Study shows COVID-19 deaths rates higher among minorities

A Harvard University study shows COVID-19 death rates are significantly higher among Black women than among white men.

Published in the Journal of American Medicine, the study suggests race and economic status are very much factors in survival rates.

The research shows Black women are dying at a rate of more than three times that of white men from COVID-19.

Renewing calls for people of color to take the vaccine.

"This virus is disproportionately affecting us. We are contracting it more, being hospitalized more, and we are dying with it more," Dr. Zanthia Wiley said.

Emory University’s Dr. Wiley is an Association of American Medical Colleges Infectious Disease consultant to the Centers for Disease Control and has studied COVID-19 disparities.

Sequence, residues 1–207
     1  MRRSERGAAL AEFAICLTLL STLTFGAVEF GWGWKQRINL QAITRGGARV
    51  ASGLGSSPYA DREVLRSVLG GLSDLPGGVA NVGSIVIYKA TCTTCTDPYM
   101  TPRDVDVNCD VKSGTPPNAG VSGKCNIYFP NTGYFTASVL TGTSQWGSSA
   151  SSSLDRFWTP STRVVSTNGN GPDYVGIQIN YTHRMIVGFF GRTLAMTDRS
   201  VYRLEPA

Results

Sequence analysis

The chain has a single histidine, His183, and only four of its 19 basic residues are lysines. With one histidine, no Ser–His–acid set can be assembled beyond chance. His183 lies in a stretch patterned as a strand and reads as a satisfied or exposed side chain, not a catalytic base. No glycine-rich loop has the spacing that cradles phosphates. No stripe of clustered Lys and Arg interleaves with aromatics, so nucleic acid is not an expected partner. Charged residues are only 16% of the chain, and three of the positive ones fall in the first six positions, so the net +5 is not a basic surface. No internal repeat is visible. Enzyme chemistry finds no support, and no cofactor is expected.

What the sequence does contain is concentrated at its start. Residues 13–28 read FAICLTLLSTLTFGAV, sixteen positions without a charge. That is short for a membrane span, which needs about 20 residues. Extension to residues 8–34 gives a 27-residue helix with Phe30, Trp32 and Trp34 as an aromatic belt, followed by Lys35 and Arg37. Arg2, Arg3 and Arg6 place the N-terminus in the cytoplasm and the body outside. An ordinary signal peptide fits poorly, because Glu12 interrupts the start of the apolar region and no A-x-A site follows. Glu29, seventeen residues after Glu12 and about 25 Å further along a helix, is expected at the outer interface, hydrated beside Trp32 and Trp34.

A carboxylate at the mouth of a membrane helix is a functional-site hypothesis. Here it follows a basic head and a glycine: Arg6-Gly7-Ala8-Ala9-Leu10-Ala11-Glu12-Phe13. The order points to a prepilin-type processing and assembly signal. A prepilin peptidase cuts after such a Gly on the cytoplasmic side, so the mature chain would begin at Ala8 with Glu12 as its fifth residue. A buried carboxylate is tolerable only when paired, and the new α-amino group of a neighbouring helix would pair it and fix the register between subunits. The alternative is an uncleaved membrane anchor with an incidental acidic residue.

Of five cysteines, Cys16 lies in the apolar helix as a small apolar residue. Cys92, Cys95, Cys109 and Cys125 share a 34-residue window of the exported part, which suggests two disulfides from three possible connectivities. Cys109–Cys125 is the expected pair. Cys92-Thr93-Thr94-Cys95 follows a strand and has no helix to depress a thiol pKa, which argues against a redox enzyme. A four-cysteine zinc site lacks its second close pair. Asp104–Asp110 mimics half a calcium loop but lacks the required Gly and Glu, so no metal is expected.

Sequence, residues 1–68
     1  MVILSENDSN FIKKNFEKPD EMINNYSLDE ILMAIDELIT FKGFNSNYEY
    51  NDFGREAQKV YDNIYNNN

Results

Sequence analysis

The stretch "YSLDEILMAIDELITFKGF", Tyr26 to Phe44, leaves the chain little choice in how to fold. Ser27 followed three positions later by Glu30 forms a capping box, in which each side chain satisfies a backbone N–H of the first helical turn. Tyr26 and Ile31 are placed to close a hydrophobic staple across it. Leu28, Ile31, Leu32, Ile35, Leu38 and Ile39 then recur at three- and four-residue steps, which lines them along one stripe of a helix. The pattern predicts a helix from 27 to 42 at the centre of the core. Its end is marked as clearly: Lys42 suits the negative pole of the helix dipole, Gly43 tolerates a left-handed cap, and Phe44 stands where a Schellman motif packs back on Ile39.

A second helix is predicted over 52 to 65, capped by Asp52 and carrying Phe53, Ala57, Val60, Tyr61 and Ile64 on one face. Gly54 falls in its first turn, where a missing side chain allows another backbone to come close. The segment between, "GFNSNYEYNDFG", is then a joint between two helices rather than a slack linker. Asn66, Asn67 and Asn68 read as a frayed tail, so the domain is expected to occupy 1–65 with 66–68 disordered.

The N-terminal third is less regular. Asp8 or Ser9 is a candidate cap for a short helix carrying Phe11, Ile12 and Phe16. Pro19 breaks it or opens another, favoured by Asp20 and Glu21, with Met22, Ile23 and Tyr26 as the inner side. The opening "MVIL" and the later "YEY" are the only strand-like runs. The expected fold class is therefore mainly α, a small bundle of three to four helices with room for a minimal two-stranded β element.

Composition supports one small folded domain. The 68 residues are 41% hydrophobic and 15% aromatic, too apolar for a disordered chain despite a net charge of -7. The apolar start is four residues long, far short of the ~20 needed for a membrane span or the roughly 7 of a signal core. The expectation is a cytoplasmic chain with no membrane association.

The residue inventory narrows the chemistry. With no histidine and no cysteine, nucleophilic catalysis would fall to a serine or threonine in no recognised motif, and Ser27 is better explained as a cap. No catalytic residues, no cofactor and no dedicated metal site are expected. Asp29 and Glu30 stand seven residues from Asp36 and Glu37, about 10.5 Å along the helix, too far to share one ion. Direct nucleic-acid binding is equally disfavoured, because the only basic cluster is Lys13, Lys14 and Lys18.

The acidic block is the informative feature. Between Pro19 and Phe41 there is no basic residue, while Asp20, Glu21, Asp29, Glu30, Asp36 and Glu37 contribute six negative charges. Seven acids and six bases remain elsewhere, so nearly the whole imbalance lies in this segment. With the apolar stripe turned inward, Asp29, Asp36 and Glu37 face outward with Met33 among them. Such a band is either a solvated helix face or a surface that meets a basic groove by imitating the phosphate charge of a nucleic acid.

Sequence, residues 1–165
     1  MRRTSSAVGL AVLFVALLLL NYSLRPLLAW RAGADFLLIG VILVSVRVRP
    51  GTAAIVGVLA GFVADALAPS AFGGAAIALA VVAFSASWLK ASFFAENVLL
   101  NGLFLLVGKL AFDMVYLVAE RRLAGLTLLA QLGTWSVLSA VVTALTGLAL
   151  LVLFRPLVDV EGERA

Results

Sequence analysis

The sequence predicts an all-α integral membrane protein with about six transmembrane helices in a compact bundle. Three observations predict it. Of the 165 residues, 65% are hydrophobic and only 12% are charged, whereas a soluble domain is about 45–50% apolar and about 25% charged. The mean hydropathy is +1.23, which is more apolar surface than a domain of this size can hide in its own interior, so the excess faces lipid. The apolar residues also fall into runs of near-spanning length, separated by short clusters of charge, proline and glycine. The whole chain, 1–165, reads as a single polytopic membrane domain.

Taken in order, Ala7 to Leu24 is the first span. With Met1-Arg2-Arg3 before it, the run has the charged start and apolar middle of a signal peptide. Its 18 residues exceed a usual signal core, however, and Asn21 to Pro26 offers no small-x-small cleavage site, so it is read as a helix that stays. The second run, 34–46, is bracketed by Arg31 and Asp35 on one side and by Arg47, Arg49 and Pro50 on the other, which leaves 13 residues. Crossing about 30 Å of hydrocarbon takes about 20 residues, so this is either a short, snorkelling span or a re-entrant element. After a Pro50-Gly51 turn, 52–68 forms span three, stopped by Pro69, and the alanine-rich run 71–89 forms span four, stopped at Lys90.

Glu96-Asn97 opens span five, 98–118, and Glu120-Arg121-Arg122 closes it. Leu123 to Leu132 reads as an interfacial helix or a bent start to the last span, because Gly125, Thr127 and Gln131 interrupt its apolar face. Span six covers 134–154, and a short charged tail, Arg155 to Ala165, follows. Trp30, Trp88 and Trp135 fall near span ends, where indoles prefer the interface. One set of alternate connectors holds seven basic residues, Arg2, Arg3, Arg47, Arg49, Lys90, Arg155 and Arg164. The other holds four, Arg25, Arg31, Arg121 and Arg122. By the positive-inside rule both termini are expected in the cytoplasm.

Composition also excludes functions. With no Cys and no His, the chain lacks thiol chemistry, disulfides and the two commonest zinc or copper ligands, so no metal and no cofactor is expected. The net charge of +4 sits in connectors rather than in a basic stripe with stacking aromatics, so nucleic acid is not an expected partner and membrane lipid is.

"It breaks my heart to see that the number of vaccines administered so far," Dr. Wiley said. "Black people make up 13% of the U.S. population, however, we've only received about 9% of the vaccines that have been given out. Hispanics make up 18.5% of the U.S. population and have only received about 9% of the current vaccines."

Hospital bed

FILE - Stock image of an empty hospital bed. (FOX TV Stations)

Many barriers to getting the vaccine have been removed here in North Texas, as vaccines are now given without appointments, and they are available to any adult who wants it.

Through Meals on Wheels, some who can't get out because of age or illness could have vaccines delivered, once they’re registered, by the Visiting Nurses Association and administered by Dallas Fire-Rescue paramedics starts Monday for Dallas residents.

"So you don’t need a doctor, you don’t have to go to the hospital, you don’t have to pay anything. These vaccines are free," Dr. Wiley said.

The protection the vaccine will provide is priceless.

"And not only will that help you, but it will also help your loved ones and our community," Dr. Wiley explained.